Tuesday, February 19, 2008


Comin’ in from “The Edge…”
Mama Mia!
My new nickname for my mom is "Grannie Whine-house"...

"My daughters tried to send me to rehab, but I said..." (3 hand claps)
"No, No-no, No!!"

In fact I'm thinking of doing a geriatric spoof of Amy Winehouse's "Rehab" video and putting it up on YouTube :-) Just kidding…but if any of you want to take that idea and run with it, feel free!

After my 91 year-old mom’s recent recovery from pneumonia, her doctors sent her to a rehabilitation facility after her release from the hospital so that she could regain enough strength in her legs to allow her to safely be able to use her walker, again. But Mom hated rehab and said she either wanted to go home or she wanted to die and refused to eat the whole time she was there.

My sister and I were at the rehab facility every day. From Monday through Friday I was usually there from lunchtime to dinner-time, spoon-feeding Mom what little bit of food I could get her to eat, but mostly just watching her sleep since she was too weak for rehab. My sister would come after work and stay till visiting hours were over. On the weekend, we’d switch, and my sister would take the day-shift and I would come in the evenings. After a week, though, Mom had to be readmitted to the hospital…malnourished and dehydrated.

The laws may vary from state to state, but in New York, a person who is “of sound mind” cannot be forced to eat against his or her will, and to try to make them do so is considered an assault and is against the law.

In the emergency room, however, Mom allowed the attending physicians to attach an intravenous line pumping (and plumping) her up with fluids, glucose and potassium. She even agreed to an oxygen mask. When one of the doctors asked her whether or not she wanted to live, she responded with “Yes” -- giving them the okay to sustain her life by any means necessary.

After a week of being back in the hospital, Mom has now sufficiently recovered enough to yank out her catheter, insisting that “I’d rather piss on myself,” and refusing any more oxygen because “I’m tired of having that damn thing stuck up my nose.”

She’s baaaaaaaaaaaaack!

She also still refuses to eat the hospital food, but her gerontologist has okayed our bringing in contraband meals from her three favorite fast-food establishment -- the ones with the golden arches, the three initials and the Chihuahua as a former mascot.

Because of her stroke a few years ago, which caused a problem with her swallowing mechanism, Mom will probably have to have a feeding tube for the rest of her life in order to get enough nourishment, and she will always be at risk for pneumonia because of her tendency to aspirate (food particles and even her own saliva getting into her lungs), and she may never be ambulatory again, even with a walker. But she will be able to feed herself and eat regular food…enough to at least be able to enjoy the taste of it.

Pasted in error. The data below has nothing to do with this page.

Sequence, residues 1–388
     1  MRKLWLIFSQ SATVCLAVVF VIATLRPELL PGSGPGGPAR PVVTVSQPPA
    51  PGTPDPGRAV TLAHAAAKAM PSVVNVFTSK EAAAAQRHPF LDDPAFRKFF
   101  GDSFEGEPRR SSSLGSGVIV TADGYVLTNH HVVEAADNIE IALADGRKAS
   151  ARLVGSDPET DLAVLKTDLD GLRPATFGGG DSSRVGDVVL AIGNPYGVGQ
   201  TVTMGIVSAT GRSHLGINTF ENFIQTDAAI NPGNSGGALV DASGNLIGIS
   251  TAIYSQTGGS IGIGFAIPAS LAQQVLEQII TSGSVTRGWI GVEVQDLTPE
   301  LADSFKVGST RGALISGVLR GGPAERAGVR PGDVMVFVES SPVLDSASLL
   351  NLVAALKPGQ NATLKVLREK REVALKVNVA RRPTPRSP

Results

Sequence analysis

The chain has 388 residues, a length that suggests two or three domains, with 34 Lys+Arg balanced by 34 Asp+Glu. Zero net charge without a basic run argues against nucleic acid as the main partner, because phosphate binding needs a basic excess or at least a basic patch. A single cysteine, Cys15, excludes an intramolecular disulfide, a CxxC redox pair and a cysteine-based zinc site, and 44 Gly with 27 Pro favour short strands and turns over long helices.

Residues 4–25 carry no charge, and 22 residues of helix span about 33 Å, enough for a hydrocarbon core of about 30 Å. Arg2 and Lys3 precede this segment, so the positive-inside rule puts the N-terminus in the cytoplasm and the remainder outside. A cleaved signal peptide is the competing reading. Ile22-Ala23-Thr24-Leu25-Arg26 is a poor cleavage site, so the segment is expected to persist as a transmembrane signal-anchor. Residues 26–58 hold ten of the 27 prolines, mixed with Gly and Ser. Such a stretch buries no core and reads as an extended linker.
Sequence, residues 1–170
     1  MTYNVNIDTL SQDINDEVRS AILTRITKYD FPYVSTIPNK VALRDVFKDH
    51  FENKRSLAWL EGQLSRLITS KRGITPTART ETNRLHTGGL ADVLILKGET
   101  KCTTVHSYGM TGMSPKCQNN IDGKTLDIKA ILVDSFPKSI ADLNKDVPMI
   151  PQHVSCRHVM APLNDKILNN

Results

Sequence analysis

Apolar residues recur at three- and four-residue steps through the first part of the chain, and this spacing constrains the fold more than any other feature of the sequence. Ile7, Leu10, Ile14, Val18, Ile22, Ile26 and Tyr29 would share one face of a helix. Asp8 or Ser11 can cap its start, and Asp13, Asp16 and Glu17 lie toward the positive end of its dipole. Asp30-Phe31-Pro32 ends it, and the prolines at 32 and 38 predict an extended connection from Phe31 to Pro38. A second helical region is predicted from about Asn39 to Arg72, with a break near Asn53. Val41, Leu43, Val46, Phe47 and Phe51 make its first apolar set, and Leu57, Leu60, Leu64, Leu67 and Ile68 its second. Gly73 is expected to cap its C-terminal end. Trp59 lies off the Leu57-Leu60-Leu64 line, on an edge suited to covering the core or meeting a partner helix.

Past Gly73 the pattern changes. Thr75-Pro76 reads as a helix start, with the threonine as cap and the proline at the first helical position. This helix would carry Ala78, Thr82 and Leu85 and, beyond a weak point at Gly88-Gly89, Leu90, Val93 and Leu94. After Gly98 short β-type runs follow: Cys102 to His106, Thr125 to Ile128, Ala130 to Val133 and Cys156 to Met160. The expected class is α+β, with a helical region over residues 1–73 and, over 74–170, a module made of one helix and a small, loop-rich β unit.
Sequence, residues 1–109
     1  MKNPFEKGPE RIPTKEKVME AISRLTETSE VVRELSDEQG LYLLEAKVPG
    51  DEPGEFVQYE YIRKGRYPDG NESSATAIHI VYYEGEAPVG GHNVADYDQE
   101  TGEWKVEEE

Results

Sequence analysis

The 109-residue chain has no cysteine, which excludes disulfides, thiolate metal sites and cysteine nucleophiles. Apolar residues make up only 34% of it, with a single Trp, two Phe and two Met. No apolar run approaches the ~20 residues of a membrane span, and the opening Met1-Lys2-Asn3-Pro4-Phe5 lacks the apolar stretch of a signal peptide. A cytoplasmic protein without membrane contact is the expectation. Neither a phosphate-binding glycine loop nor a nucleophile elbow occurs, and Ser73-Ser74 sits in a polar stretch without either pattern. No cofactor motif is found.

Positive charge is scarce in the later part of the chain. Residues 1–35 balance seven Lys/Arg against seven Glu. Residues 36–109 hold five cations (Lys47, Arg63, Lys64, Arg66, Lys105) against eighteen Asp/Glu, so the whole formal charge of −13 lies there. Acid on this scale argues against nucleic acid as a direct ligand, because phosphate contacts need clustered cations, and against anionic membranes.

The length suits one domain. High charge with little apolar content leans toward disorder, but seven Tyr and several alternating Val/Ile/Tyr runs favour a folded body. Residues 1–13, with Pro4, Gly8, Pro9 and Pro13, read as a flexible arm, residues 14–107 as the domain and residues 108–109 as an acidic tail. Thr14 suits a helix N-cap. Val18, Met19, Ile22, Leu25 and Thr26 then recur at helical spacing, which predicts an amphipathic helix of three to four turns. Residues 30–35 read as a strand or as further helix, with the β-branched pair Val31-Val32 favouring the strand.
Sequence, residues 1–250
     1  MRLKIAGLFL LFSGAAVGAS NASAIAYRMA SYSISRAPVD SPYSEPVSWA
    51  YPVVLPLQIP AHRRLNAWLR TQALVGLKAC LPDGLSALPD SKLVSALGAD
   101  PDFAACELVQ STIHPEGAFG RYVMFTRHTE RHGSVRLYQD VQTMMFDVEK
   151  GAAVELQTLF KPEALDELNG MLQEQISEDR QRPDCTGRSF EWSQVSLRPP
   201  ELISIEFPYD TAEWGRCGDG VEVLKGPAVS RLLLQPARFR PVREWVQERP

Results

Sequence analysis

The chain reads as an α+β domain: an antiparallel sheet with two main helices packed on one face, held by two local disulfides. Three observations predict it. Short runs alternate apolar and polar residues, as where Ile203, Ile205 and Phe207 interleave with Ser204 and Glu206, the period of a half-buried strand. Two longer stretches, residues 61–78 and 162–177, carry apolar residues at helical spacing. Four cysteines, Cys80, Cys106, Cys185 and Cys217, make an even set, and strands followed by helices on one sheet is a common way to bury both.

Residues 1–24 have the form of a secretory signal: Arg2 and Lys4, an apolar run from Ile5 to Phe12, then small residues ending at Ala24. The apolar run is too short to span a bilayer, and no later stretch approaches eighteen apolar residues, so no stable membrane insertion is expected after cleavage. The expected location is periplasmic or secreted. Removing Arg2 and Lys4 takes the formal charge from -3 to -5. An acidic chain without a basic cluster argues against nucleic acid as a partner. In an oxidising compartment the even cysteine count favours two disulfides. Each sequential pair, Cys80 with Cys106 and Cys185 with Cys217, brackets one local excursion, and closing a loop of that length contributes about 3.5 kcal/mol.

She’s already back to sitting up and enjoying Jeopardy and Wheel of Fortune, and when she’s finally released from the hospital and able to come home (No more rehab!) she’ll be able to go on outings in a wheelchair and wear pretty clothes and enjoy getting manicures and having her hair done (Now you know where I get my vanity from! Ha-ha!) She's lucid, has no major illnesses…except that the body "machine" is winding down and wearing out.

This whole situation reminds me of a movie by one of the Ephron sisters starring Walter Mauthau, Diane Keaton and Meg Ryan.....can't remember the name of it, but it was all about what the daughters went through taking care of their cantankerous, aging Dad.

One of the residents who was on call the night my mom was brought into the ER and who has been following up on her case is amazed at how Mom has rebounded. She also let it slip that my sister and I have won over the entire nursing staff with our “patience and devotion” (her words) to our mom.

I told her that we didn’t think we were doing anything that extraordinary. A lot of families are in the same predicament and we’re all just doing what we have to do, and that as an actor, I just looked at hanging out with Mom at the hospital as my “day job” which allowed me to catch up on my reading and work on my stand-up comedy material. The young resident thought doing stand-up was pretty cool and asked me to let her know when I’d be performing again so she could organize some of the staff working on Mom’s floor to come see me!

Isn’t that sweet?! I tell you, when it comes to having patience and devotion, doctors, nurses and their assistants are the real heroes and heroines. I’m not sure I’d have the same patience and devotion that they seem to have for someone who wasn’t a member of my family.

A lot of you have experienced what I'm going through and understand what this time has been like for my sister and me...and for those of you who haven't...but for whom the time may someday come, perhaps you will be able to draw strength from my sharing of this experience with you.

In closing... Life is precious...enjoy every minute of it and don't sweat the small stuff (and in the grand scheme of things, it's ALL small stuff). Keep your sense of humor....and remember that "uhhh…’excrement’ happens"...but it doesn't have to stick...and while it might stink some, the odor doesn't have to linger if you flush real fast and quickly open a window and take a real deep breath.

Keep the faith!


Mariann also blogs at : Lee Bailey’s Electronic Urban Report


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Sarah Saad said...